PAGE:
Lehman Brothers filed its first reorganization plan in its bankruptcy yesterday.
A total of $830 billion in claims have been filed, but many involve multiple claims for the same debt because different entities guaranteed debts from affiliated entities. The total debt of the holding Company and its 22 affiliates is significantly less than $715 billion.
The value of the company's assets at the time that it filed for bankruptcy was $639 billion, but has probably gone up and down over time. The value of the assets available to creditors is also greatly impacted by a $250 million sale of many Lehman assets to Barclay's bank in what turned out to be a sweetheart deal.
I blogged the bankruptcy petition here. I reasoned at that time the the bulk of any losses were likely to be suffered by equity and subordinated debt.
News reports leave unclear what percentage of claims will get what payment, although many will clearly get paid later than agreed. There is now a blog devoted almost entirely to covering the case. The reorganization plan is available here.
Basically, the plan makes the payment of other debts contingent upon assets realized from the company which are not set forth in the plan. Assets would be sold over a long period of time by a company created to dispose of the Lehman assets in an economically sensible way.
Priority claims, secured claims to the extent of their security, and senior unsecured claims are likely to be paid in full. Entities are respected, so a flush affiliate may have its debts paid in full, while another that made bad investments may have its debts only partially paid. Equity for an entity covered by the plan is paid at all only if all debts of the entity in which equity is held are paid in full.
But, intercompany guarantees complicate this picture. At first glance, it appears that all or most of the affiliated are solvent on a fair market value balance sheet basis, but for their guarantee obligations to the parent company, but will have to make payments to the parent company towards its debts which will essentially wipe out their equity across the board.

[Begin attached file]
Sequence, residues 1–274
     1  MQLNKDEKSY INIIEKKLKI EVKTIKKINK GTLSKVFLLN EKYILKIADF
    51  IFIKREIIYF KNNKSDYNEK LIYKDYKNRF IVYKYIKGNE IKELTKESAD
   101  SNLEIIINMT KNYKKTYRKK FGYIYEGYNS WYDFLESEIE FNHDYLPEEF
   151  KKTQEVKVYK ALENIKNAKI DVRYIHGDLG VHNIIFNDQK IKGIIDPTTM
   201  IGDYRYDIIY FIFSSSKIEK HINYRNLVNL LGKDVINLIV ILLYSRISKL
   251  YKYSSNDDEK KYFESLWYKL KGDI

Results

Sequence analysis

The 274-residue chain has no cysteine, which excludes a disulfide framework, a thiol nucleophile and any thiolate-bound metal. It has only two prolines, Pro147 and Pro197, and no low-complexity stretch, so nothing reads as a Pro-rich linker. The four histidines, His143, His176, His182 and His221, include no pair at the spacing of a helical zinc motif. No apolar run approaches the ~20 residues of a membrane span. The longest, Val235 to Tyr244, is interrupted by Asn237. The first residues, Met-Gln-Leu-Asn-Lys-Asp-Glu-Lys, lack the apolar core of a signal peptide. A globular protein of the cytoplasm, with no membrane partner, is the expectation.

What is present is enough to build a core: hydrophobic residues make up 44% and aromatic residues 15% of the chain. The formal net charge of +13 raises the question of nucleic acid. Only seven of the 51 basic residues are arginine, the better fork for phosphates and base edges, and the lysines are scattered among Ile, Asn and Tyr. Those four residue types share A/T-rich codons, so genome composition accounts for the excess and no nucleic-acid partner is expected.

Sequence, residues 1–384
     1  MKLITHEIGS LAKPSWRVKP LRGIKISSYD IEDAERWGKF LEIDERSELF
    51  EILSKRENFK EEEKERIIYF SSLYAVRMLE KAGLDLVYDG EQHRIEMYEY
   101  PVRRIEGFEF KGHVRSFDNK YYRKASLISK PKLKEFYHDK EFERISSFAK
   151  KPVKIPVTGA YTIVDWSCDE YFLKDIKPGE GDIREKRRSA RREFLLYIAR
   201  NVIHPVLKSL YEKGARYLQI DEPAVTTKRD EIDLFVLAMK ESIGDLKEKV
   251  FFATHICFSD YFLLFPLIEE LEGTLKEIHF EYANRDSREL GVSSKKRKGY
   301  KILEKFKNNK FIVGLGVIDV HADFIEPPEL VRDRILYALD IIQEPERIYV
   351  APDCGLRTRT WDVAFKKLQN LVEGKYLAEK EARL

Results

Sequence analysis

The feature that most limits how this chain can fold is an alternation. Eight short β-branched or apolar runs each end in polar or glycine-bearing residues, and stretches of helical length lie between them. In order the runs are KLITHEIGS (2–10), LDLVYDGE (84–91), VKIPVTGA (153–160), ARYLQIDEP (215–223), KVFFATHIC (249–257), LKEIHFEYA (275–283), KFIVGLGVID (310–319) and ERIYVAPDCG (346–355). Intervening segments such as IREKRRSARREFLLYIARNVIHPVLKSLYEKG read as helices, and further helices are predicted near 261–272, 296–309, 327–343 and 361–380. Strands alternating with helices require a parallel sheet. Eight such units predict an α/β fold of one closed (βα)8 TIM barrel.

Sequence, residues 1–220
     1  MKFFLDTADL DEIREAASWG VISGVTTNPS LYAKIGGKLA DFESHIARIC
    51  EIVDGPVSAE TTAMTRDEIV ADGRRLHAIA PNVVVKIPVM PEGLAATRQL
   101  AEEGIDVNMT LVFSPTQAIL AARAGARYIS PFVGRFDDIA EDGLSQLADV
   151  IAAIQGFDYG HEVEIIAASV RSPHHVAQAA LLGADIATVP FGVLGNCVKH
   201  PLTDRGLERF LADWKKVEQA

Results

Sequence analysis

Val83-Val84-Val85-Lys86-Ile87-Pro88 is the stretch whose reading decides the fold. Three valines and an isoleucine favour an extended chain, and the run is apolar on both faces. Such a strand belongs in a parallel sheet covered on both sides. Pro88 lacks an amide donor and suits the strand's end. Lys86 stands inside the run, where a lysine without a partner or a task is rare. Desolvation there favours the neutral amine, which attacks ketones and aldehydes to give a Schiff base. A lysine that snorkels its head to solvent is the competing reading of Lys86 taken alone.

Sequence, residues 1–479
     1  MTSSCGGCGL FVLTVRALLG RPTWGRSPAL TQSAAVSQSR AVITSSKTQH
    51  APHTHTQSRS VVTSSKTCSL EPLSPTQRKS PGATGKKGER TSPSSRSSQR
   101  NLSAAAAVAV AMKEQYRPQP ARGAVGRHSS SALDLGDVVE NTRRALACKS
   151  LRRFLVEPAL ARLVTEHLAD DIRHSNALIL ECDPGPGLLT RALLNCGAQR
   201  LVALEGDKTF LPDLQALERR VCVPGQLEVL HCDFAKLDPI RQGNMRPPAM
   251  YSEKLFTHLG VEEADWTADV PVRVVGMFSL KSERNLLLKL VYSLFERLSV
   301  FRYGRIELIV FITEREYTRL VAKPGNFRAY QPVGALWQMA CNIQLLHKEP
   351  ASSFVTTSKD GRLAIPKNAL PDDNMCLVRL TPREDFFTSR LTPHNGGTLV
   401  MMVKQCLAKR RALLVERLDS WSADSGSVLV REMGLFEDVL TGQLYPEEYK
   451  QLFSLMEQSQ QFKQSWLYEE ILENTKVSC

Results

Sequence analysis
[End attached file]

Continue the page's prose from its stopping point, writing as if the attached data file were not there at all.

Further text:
All of the subordinated debt is at the holding company level and realistically, the holding company level equity will get nothing and the subordinate debt at the holding company level will not be paid in full and may not be paid at all.
In theory, general unsecured claims may be paid in full in some entities, and not in others. It depends upon how much is realized for the assets sold and who owes whom what on their guarantees. Without up to date valuations of assets broken down by entity, it is hard to tell what percentages of each class of claim will be paid.
One plausible scenario, which is being suggested as an alternative reorganization plan, is that the equity in all of the entities and the subordinate debt of the holding company would get nothing, and that the unsecured general creditors of all classes will be paid almost all, but not 100% of their claims.
Each guarantee obligation, however, is capped at a sum certain. Determining how guarantee obligations involving related entities are worked out is the primary legal problem in the complex bankruptcy filing. Normally, in a bankruptcy, all claims are paid as if they were not guaranteed, and then non-bankrupt guarantors make up the difference.